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Duthie Center for Engineering earns gold for energy design

by UofL Today last modified Jul 28, 2010 09:38 AM

The University of Louisville's recently renovated Duthie Center for Engineering has received a highly rated national certification for its energy-conscious design.

Duthie Center for Engineering earns gold for energy design

Inside the Duthie Center

The U.S. Green Building Council, a Washington, D.C.-based nonprofit agency that promotes sustainability, has granted the Gold Leadership in Energy and Environmental Design (LEED) award to the 34,000-square-foot facility at UofL's Speed School of Engineering.

"We promised to be a leader in sustainability and energy efficiency," President James Ramsey said. "The LEED certification of the Duthie Center is further proof of that commitment."

The building, dedicated in 1947, most recently housed the engineering library. Renovating an existing building and site automatically qualified it for several LEED credits. Added sustainability features qualified the building for LEED gold certification.

The renovation reused 95 percent of the structure, including exterior walls, roof decking and structural floor; during demolition, 77 percent of the materials that weren't reused were recycled. New building materials had 27 percent recycled content, and 31 percent were produced regionally.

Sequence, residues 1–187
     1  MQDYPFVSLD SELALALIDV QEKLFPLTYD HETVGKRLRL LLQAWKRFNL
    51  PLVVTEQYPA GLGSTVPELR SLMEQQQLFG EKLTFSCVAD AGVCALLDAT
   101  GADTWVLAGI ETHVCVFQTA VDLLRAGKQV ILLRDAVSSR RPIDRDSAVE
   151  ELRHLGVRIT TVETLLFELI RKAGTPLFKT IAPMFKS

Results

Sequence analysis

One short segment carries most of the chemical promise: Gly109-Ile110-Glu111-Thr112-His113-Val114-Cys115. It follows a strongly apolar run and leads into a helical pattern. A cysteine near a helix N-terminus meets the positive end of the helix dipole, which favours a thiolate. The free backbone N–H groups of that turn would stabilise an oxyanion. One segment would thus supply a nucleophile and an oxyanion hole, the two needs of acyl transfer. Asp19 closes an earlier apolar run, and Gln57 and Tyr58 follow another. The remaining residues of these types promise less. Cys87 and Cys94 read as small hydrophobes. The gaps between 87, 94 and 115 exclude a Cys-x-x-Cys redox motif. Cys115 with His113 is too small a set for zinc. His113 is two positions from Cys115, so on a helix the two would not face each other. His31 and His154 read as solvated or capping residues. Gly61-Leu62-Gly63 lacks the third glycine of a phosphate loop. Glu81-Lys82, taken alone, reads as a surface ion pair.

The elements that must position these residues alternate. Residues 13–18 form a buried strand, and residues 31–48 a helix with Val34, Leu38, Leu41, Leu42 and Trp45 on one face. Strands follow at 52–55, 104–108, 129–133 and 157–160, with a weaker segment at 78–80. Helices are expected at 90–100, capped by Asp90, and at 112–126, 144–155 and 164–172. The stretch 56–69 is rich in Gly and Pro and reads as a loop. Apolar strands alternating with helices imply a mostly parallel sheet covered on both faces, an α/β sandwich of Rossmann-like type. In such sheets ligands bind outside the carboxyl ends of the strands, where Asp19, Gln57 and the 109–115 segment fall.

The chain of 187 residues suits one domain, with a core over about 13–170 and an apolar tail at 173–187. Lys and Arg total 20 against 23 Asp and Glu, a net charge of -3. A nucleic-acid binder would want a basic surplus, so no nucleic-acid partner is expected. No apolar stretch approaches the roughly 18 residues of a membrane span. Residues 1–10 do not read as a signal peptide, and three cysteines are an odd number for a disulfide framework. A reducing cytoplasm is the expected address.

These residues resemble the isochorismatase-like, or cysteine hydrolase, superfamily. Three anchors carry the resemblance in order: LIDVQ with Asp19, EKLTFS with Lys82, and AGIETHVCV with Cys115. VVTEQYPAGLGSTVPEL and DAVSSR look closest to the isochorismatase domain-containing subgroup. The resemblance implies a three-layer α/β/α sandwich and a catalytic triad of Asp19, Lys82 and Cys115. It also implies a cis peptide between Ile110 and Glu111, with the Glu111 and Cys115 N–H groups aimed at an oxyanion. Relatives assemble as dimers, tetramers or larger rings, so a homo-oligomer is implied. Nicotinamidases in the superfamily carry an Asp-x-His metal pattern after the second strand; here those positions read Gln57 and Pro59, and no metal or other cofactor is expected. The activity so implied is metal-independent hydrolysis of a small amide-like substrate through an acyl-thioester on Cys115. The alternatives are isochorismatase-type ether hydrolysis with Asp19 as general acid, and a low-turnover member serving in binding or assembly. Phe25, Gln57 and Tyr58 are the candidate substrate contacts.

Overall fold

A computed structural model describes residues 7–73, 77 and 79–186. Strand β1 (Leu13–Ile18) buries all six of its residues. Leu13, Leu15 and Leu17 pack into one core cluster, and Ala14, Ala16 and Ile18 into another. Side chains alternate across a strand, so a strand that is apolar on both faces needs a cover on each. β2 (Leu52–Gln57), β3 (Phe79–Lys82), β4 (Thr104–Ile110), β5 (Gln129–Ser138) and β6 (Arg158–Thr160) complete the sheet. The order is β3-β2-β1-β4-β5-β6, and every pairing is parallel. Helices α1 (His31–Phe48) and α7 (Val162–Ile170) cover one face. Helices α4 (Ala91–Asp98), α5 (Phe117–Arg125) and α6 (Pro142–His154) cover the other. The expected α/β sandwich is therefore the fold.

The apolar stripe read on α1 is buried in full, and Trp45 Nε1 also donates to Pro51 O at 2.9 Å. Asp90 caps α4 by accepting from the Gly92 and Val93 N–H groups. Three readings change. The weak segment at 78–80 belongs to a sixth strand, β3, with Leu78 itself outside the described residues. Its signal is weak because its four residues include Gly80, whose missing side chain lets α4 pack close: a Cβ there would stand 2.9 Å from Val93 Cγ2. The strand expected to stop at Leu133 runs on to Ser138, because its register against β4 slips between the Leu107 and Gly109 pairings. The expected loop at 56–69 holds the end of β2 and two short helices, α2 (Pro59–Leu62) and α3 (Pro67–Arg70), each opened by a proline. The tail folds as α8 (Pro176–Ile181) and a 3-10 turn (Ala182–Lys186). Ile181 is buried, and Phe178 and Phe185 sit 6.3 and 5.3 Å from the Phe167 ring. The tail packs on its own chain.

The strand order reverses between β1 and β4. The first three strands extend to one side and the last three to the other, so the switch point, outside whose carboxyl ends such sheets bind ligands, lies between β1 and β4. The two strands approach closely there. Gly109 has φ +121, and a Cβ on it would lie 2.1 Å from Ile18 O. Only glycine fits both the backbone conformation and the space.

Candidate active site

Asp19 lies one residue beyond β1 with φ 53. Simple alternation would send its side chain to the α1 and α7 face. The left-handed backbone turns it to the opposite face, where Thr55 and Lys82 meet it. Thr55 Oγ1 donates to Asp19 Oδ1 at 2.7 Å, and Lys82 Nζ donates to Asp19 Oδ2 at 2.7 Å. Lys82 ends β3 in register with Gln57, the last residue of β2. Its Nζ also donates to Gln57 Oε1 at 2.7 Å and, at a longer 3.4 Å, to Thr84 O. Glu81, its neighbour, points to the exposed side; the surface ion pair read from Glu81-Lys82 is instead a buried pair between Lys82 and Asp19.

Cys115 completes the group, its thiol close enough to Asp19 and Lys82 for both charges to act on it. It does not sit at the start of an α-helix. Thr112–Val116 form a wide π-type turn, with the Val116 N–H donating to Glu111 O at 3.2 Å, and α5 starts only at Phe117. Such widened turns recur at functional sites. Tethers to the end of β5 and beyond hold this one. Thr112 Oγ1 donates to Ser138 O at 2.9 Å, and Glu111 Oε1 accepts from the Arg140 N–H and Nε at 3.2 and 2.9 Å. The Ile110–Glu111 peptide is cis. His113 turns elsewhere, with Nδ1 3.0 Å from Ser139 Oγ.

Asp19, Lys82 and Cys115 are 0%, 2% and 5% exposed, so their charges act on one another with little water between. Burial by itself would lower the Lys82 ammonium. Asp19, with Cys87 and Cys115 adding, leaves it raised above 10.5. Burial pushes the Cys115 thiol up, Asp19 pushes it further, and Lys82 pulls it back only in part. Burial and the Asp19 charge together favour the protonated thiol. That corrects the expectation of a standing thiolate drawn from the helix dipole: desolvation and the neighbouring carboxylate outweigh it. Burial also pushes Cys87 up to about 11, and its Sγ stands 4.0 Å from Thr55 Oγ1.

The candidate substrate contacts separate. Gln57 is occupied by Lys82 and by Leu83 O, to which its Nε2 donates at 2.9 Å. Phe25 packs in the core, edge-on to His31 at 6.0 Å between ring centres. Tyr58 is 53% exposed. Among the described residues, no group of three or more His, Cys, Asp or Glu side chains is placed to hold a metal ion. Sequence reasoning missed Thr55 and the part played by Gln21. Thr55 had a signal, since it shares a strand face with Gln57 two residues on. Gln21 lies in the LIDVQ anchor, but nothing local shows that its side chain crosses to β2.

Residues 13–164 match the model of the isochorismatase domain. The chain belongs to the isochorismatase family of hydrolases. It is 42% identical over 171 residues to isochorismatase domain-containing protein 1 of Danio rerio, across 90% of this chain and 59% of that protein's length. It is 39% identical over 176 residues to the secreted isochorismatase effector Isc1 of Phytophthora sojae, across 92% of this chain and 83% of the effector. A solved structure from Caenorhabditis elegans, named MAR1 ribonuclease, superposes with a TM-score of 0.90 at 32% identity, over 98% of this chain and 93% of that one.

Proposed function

Lighting and air controls were designed to adjust for individual needs, with energy-saving thermostats and a shutdown of the air-handling unit and classroom lighting when the space is unoccupied. The lighting uses energy-efficient fixtures and eliminates incandescent lamps.

The center uses 54 percent less water than is typical for its fixtures. For better air quality, greener materials were used inside and a special entrance reduces dirt and dust at the doorway. Other features include new landscaping and patio areas, designated parking spots for low-emitting and fuel-efficient vehicles, secure bike racks and nearby access to bus lines and shuttle.

"Duthie Center for Engineering, the university's first LEED-certified renovation project, is a wonderful example where education theory becomes a reality for our students," said Ken Dietz, university architect and director of planning, design and construction. "The project underscores the university's intention to achieve dynamic growth while demonstrating a commitment to sustainability through reclamation, responsible construction practices, recycling programs, energy and natural resource management."

The center houses the Speed School's career development center, the Hagerty student commons area with food court, freshman engineering teaching laboratories and classrooms. It also houses offices and laboratories for the computer engineering and computer science department.

"It is extremely rewarding to see how the Duthie Center has evolved over the years," said Barry Abrams, project manager of the renovation with Lord, Aeck and Sargent Architecture. "It has served many functions and gone through several renovations and additions. It's exciting to be a part of its new life, once again serving many diverse student, teaching and research functions while being responsive to our sensitive environment."

UofL's new Clinical and Translational Research Building received Gold LEED certification earlier this year.

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